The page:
The underlying idea is to build community and accountability; if venues communicate and create firm policies, then a more concrete standard of behaviour can be expected. There isn’t a solid policy yet, but steps have been made including putting up posters in bars encouraging customers to report anything that makes them uncomfortable. The idea of regular communication between venues means that it is less likely that someone will get kicked out of one bar for bad behaviour, only to move onto the next and continue doing what they were doing.

Hospitality worker Rachel Gray helped launch ‘Good Night Out’ in Chicago — the first US outpost of a London initiative. The group focused on visibility and training, going to individual venues and helping them come up with their own sexual harassment policies. Gray said that though training was ostensibly directed at customers harassing workers, by “getting people in a room and setting a standard and agenda”, workers who had experienced harassment were able to share their stories, cementing the seriousness of the issue in the minds of colleagues who hadn’t seen this kind of thing first hand.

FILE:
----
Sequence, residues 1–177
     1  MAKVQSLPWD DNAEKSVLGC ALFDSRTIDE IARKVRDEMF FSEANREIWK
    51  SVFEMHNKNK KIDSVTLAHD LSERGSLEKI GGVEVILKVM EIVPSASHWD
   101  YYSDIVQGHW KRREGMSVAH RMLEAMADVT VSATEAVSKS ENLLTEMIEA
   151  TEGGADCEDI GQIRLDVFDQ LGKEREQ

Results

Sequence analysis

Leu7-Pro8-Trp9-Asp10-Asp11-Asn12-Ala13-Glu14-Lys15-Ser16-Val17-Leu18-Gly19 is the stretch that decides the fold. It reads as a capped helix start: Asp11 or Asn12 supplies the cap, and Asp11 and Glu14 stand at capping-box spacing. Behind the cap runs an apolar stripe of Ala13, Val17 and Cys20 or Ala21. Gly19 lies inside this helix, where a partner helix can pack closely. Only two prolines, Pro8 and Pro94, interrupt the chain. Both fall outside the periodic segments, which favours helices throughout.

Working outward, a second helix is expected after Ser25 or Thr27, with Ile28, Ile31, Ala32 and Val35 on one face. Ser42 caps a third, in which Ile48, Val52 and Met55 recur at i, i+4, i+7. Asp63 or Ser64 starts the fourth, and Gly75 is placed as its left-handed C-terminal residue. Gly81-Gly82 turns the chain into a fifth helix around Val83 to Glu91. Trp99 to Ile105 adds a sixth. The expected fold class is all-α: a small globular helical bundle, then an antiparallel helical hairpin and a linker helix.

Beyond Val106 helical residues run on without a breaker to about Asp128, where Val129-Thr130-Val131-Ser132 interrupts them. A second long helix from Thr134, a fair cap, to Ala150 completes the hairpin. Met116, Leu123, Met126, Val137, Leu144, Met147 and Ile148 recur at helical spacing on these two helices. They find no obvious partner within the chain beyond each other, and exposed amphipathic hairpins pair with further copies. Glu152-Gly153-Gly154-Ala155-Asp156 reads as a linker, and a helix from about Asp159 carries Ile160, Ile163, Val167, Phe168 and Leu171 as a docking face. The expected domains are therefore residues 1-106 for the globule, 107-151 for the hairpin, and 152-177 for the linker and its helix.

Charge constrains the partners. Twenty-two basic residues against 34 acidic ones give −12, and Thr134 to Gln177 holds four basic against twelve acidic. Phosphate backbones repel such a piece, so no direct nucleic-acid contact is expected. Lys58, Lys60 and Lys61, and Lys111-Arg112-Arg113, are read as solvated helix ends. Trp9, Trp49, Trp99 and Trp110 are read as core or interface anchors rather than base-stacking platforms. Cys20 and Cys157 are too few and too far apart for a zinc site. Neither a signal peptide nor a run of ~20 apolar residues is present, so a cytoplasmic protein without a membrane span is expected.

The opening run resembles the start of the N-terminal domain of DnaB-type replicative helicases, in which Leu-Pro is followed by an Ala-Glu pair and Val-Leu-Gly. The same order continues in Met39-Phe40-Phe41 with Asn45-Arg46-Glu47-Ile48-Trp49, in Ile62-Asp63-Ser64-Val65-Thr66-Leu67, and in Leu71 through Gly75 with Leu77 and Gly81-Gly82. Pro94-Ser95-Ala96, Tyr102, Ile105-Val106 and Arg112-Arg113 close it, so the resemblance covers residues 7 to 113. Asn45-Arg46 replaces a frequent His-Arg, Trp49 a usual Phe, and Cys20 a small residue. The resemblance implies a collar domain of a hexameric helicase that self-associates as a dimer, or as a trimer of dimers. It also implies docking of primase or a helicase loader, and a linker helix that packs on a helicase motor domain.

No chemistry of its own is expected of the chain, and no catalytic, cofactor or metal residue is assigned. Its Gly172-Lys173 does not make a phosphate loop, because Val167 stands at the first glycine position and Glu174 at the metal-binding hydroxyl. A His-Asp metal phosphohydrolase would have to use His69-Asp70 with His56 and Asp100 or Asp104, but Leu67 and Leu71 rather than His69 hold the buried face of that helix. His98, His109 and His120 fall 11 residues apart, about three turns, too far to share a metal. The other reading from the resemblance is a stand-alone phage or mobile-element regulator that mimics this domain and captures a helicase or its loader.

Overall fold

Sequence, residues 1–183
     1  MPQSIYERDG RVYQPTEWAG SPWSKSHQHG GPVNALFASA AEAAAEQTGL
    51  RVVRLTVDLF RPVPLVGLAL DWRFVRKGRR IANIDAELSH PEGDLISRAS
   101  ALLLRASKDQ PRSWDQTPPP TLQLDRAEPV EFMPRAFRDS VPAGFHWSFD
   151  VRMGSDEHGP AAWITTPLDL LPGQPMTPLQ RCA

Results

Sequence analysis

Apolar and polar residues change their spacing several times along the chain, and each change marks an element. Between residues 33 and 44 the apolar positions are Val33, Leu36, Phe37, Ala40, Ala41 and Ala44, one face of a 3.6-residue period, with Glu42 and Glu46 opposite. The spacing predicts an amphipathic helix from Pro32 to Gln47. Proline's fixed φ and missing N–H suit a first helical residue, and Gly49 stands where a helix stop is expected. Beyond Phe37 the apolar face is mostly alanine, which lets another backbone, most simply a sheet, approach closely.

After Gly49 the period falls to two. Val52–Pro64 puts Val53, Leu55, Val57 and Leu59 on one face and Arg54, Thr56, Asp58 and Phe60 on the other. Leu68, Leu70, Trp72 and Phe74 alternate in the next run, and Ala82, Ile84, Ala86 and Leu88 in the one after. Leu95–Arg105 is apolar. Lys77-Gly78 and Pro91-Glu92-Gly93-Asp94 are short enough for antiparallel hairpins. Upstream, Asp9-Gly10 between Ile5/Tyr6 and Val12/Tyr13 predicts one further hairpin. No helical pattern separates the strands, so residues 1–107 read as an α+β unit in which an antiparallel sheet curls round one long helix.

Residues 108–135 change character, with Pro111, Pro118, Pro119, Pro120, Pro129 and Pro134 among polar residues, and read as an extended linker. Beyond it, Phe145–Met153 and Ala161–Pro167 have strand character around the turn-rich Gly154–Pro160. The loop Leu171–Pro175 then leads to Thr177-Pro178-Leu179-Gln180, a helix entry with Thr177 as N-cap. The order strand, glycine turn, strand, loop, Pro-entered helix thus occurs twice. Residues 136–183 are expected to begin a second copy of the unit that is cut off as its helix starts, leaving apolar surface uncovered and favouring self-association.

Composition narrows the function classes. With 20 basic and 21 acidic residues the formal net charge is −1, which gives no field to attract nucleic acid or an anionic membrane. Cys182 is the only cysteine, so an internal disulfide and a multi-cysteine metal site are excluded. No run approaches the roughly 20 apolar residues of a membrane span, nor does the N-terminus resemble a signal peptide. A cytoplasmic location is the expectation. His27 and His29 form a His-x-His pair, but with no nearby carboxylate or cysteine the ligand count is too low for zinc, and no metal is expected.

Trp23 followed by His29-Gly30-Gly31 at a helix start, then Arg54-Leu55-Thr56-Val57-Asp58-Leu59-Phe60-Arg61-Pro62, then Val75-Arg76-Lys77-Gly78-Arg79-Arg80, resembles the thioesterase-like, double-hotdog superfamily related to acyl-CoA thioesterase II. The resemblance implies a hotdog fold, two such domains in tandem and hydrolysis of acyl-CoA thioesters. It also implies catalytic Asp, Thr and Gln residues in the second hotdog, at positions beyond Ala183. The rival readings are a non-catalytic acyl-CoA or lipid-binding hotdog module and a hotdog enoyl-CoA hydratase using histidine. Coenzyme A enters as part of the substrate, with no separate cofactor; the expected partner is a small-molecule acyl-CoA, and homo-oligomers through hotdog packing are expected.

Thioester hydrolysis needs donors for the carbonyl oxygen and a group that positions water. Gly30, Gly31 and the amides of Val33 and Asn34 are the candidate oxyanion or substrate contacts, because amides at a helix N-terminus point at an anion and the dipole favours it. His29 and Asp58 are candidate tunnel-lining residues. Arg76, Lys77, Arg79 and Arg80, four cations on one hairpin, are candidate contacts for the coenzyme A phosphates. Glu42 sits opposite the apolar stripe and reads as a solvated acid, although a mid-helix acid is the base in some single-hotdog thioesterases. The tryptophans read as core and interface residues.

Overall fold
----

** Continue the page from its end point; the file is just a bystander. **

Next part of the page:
Not knowing if your workplace will back you up means that workers end up tolerating more than they should.

Of course, United Voice’s survey and the people in this meeting are just the tip of the iceberg. A call on social media for hospitality workers who had experienced this kind of harassment prompted stories to come in quick and fast.